Radio
    If your style is more unfussy beach babe than glossy Kate Middleton perfection, head to the UK's Bumble and Bumble HQ . Employing their famous Sea Salt Spray to maximum effect, the stylists here will have you tousled to perfection in under an hour.
  • On July 30, 2013
    Helen Ochyra answered the question: Helen Ochyra

    What are the best outdoor activities in London?

    As the weather hots up in London, get outside and get active. Here is my pick of the best outdoor activities the city has to offer this summer:

    Open-air theatre
    Throughout the summer there are numerous outdoor shows and concerts around town. The pick of the bunch is the Open Air Theatre in Regent's Park, for everything from classical music to stand-up comedy, while at Somerset House you'll find a series of pop concerts and a season of film screenings.
    For more information on summer concerts in London see our blog post on this topic.

    Horse riding
    Take a trot along Rotten Row with Hyde Park Stables. Rides take you past the Serpentine, the Albert Memorial and Marble Arch, making this a great way to explore the park. Group lessons start from £69 an hour, private tuition from £95.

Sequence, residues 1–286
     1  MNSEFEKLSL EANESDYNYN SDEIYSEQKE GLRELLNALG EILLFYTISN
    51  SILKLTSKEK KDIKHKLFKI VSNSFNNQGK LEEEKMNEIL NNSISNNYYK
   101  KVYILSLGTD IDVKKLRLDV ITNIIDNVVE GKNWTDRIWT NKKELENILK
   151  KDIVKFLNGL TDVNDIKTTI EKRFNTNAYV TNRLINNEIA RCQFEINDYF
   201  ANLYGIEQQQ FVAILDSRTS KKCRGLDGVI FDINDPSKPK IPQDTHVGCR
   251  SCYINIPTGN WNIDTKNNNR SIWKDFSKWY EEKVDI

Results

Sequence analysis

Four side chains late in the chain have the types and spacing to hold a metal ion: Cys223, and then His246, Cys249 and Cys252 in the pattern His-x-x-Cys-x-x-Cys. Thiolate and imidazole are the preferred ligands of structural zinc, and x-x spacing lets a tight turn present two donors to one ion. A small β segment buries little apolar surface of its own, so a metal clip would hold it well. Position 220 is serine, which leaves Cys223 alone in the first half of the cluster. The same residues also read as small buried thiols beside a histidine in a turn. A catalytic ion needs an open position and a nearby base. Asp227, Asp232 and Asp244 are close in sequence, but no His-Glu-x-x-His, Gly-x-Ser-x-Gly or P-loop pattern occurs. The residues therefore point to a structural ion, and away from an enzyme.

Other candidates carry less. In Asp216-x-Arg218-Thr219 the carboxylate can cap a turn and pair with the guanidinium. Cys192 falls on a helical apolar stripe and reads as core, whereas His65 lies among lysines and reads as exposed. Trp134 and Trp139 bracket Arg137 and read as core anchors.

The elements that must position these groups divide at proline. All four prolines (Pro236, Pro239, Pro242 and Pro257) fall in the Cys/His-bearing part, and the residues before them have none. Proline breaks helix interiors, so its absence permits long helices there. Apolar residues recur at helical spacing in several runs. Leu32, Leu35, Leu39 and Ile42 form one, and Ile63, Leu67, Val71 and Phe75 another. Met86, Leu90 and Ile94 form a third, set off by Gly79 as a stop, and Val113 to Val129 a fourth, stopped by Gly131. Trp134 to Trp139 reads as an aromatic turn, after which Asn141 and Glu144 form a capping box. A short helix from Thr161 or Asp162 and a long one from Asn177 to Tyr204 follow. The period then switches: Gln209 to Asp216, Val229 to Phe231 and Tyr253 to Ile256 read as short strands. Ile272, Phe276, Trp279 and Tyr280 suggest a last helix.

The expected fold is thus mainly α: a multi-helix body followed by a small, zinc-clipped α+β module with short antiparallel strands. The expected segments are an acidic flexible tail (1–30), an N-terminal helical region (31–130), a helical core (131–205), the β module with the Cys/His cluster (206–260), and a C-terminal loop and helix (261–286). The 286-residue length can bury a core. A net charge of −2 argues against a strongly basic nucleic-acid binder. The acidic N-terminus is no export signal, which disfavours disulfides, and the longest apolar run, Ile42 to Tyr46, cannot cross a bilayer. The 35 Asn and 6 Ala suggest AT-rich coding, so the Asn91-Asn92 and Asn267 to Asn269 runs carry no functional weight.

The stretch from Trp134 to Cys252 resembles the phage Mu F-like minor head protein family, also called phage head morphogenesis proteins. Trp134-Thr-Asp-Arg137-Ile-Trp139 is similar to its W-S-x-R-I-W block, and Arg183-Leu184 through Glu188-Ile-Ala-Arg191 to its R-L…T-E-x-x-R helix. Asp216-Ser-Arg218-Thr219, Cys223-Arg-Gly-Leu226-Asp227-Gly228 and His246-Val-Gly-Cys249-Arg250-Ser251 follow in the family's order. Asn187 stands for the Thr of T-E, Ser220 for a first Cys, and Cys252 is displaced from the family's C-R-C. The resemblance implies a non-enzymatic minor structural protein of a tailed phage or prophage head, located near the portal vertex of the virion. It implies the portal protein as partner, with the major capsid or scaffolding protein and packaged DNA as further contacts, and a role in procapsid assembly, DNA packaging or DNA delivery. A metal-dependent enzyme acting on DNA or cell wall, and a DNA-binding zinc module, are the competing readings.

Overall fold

Skating
    Every Friday night and every Sunday afternoon, a mass of skaters meet for an informal skate through the heart of the city. Join the Friday Night Skate for a 10- to 15-mile marshalled run through the city (routes change each week) from Wellington Arch or roll along to the Sunday Stroll in Hyde Park for a relaxed slow-paced skate.

    Outdoor swimming
    Cool off in the heat at the Hampstead Heath Swimming Ponds, the only life-guarded open-water swimming facilities open to the public every day of the year. There are separate ladies, mens and mixed ponds as well as the 60-metre Parliament Hill lido. Alternatively head to the gorgeous Tooting Bec Lido, a 91.5-metre outdoor swimming pool seen in many a film.
  • On July 30, 2013
    Helen Ochyra answered the question: Helen Ochyra

    What are the best outdoor activities in London?

    London is one of the greenest cities in the world, with everything from small courtyard gardens to vast urban parks found across town. Consequently, there are plenty of activities taking place outside. Here's my pick of the best:

    Open-air theatre
    Throughout the summer there are numerous outdoor shows and concerts around town. The pick of the bunch is the Open Air Theatre in Regent's Park, for everything from classical music to stand-up comedy, while at Somerset House you'll find a series of pop concerts and a season of film screenings.